KUALA LUMPUR, Aug 11: The number of dengue fever cases in Malaysia reached an all-time high for the period from January to Aug 3, hitting nearly 80,000 cases and 113 deaths reported.
Deputy Health Minister Lee Boon Chye expects the number of cases to hit 150,000 by the end of the year if efforts are not taken to keep it under control.
The highest number of cases recorded previously was in 2015, when there were 120,836 cases with 336 deaths, according to a report by www.straitstimes.com.
The figures between January and Aug 3 are almost double last year's for the same period - which saw 42,496 cases, with 70 deaths.
There were also 251 hot spots in nine states, with most in flats and apartments. The states are: Selangor, the Federal Territories, Johor, Kelantan, Sabah, Penang, Sarawak, Negeri Sembilan and Pahang.
Dr Lee said the ministry was using various ways to overcome the dengue outbreak in the country, and measures included fogging and the removal of mosquito breeding sites.
He said a new method, the release of Aedes mosquitoes infected with the Wolbachia bacteria to bring down the population of the mosquitoes, was still being monitored. He added that the dengue vaccine was used in the Philippines but it was withdrawn after it led to a higher mortality rate.
The ministry is monitoring the dengue situation continually and receives weekly reports on the number of cases.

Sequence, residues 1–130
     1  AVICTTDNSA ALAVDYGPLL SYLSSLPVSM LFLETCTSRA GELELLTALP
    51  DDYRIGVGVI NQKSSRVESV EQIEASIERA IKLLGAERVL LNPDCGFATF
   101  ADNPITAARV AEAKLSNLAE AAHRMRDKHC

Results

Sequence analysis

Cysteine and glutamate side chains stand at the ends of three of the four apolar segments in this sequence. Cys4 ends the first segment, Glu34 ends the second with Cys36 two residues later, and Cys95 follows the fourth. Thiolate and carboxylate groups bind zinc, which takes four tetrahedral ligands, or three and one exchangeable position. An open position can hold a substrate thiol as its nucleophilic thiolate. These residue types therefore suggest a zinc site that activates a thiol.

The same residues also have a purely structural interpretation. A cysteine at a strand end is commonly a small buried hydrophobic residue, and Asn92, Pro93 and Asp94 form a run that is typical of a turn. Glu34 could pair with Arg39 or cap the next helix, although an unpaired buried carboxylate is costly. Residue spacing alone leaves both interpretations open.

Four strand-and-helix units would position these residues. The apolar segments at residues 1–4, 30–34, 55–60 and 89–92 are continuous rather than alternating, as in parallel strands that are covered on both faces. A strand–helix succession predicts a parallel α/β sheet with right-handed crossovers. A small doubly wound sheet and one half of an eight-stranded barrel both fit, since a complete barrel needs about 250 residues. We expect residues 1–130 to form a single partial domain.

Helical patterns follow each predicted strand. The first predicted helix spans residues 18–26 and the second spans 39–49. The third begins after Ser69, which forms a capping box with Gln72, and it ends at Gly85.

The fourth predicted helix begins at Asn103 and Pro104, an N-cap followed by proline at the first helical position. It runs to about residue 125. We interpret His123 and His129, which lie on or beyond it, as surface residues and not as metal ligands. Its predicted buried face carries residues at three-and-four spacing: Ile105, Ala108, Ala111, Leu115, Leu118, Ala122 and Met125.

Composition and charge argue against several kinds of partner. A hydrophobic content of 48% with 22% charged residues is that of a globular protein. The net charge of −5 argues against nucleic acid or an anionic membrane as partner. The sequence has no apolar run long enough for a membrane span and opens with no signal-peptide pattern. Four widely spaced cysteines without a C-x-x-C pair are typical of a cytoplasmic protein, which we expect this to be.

With district health offices nationwide keeping an eye on the situation, once dengue cases are reported, measures such as fogging are immediately implemented, said Dr Lee.
When there is a hot spot, the health office also organises a combined community effort with local residents via social mobilisation or through the local council, he added.
Dr Lee also reminded members of the public to play their part in ensuring their living areas are free of Aedes mosquitoes.
"Dengue is increasing in many parts of the world, even in Singapore. Cuba eradicated it once but it has re-emerged. Southern China, southern Taiwan and southern Japan also have reported cases.
"As air travel becomes common, the virus spreads," he said.
The Health Ministry's director-general Noor Hisham Abdullah said that since June, the number of weekly dengue cases has increased and reached 3,557 cases a week, but there was a slight decrease in the first week of this month.
About 70 per cent to 80 per cent of the dengue cases occurred in urban areas, he said.
The World Health Organisation report on the dengue situation, dated July 4, shows that Malaysia was not the only place which experienced an increase in the number of dengue cases, with neighbouring areas, such as Singapore, the Philippines, Taiwan, Vietnam, Cambodia, Laos and China also seeing an increase, he said.
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